Assuming we were doing something our readers would like to do, we asked Mariana Calaça Batista, chairwoman of the seminar that Moondo organized to discuss future strategies in the tourism sector, to highlight the conclusions and share the vision of a key sector for the European economy. The whole seminar is visible at this link: https://www.facebook.com/watch/live/?v=314616449708053&ref=watch_permalink
By Mariana Calaça Batista
In the society of spectacle and great staging in which we lived before this pandemic and on which great tourism was based in the past decades, we came to a time when staging no longer makes any sense.
Cases like the big circus shops that performs to sell cans of sardines are now beginning to be the target of criticism that explores tourism as the great staging for consumption. The search for some reality and dignity in the consumption of tourist destinations, in their sustainability, in the way tourism interacts with the community of the destination, in the contribution to the local economy, in fact the purposes of the tourist experience, shows us that the crudeness of this pandemic has revealed the real importance of the fundamental elements of an interaction between a tourist and a place in a healthy exchange of rights and duties included in the tourist experience.
The exploratory nature of the consumer society, led us to a reflection that was placed on the panel of last June 25th and that took place on Moondo.Info Facebook with the presence of Prof. Dr. Nancy Duxbury, the promoter and director of QO Amsterdam Hotel, Xander Bueno de Mesquita, Aldo di Russo from Artifactory and Prof. Dr. Francisco Dias.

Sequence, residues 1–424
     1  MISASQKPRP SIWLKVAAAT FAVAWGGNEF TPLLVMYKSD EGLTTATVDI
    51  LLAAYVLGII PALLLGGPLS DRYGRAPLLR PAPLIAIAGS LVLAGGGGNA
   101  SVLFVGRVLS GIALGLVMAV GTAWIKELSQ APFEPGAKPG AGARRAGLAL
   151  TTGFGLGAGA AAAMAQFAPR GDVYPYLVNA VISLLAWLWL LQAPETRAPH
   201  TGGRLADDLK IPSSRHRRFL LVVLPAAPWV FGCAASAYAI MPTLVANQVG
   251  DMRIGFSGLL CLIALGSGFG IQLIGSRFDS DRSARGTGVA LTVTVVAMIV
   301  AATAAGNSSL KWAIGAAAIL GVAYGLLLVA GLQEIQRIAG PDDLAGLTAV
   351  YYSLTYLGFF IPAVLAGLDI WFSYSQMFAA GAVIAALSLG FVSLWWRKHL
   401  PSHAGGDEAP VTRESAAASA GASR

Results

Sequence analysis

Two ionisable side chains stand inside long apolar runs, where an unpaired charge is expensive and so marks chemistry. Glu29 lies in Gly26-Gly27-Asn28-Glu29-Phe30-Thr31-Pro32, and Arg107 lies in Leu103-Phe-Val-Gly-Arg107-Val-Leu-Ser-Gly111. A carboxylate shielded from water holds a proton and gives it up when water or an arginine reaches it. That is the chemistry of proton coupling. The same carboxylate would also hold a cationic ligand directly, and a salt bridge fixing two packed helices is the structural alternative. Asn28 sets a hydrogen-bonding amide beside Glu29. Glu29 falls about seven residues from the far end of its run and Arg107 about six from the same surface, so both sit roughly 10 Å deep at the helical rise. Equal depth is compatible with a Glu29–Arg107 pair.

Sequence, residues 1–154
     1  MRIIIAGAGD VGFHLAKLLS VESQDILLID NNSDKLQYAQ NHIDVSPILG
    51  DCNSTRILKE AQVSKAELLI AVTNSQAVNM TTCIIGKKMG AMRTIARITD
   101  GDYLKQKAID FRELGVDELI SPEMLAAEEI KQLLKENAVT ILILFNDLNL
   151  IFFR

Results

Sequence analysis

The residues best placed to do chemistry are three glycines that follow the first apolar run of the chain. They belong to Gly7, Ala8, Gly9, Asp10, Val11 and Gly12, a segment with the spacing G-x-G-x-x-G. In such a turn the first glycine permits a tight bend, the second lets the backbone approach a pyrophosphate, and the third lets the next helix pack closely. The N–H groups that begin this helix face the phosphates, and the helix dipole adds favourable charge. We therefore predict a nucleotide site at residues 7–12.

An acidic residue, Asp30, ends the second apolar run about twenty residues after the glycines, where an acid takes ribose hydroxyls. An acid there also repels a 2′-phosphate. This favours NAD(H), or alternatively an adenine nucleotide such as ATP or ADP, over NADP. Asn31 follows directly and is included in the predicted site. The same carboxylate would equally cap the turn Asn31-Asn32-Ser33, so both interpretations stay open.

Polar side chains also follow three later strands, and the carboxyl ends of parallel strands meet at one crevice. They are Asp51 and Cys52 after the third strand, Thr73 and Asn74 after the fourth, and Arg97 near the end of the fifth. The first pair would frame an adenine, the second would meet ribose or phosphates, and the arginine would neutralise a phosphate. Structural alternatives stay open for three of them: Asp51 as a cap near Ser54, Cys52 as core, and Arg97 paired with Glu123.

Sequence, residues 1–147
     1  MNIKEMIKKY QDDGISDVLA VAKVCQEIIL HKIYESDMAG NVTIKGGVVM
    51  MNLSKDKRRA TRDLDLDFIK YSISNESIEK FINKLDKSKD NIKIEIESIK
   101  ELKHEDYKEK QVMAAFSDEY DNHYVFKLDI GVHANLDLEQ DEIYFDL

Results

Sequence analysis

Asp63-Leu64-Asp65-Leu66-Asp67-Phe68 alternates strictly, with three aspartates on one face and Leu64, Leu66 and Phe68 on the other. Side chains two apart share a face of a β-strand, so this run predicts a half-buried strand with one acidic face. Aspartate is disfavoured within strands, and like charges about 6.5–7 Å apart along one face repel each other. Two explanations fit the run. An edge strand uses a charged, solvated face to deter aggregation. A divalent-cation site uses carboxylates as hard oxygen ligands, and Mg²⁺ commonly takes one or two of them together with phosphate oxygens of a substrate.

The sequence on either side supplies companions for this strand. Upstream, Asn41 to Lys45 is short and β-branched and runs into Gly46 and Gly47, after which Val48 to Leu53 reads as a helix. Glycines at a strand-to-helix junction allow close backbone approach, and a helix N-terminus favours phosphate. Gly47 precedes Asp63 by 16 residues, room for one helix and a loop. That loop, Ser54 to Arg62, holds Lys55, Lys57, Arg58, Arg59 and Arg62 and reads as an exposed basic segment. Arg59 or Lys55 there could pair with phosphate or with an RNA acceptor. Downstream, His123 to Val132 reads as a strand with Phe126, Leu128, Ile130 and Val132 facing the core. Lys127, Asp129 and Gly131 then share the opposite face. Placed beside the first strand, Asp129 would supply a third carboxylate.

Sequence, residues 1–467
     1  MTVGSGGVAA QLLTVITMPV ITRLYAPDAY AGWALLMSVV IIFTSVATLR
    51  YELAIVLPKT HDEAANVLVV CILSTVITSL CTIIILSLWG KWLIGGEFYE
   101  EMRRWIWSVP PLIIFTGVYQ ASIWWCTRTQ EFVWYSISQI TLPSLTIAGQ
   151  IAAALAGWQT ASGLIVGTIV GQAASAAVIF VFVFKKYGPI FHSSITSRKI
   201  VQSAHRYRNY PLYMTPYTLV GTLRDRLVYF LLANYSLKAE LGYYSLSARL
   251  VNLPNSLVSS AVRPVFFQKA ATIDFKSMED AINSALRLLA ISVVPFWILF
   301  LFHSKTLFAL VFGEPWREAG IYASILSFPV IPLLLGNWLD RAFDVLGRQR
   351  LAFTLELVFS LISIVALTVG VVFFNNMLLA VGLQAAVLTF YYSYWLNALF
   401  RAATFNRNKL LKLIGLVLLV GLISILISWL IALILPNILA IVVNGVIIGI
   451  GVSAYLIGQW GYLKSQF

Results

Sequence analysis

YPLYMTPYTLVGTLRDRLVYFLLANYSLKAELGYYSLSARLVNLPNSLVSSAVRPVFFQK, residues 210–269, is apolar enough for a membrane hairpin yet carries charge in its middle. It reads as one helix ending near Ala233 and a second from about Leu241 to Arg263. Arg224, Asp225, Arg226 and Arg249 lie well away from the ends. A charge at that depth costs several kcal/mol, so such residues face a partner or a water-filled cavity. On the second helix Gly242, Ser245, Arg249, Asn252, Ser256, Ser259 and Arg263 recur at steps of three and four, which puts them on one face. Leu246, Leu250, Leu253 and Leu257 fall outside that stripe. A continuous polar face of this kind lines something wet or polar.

The question that arose was:
What changes would be important to bring to the planet to ensure the sustainability of the tourism industry and the planet at economic and environmental levels? Will these changes be introduced in the future by the industry or will they be introduced as a necessary reaction? And what are the consequences?
To this question each of the panel speakers responded according to their specific experience according to disciplines such as creativity, sustainability, culture and research. The chaos we live in today reveals that the world as we lived it is collapsing, and that a new world is being demanded, requiring a new world order, following the troubled social situations we have all experienced and observed lately. Cases such as the murder of George Floyd and the overthrow of the statues of the colonizers impose a reflection that will obligatorily force a new reflection on humanity, its rights and duties.